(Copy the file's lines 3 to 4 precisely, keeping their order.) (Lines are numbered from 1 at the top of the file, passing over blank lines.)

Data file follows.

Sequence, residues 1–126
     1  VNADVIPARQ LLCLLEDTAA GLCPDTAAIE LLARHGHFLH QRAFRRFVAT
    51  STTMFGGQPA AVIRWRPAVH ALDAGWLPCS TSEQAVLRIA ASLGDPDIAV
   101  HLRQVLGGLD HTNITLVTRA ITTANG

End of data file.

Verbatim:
    51  STTMFGGQPA AVIRWRPAVH ALDAGWLPCS TSEQAVLRIA ASLGDPDIAV
   101  HLRQVLGGLD HTNITLVTRA ITTANG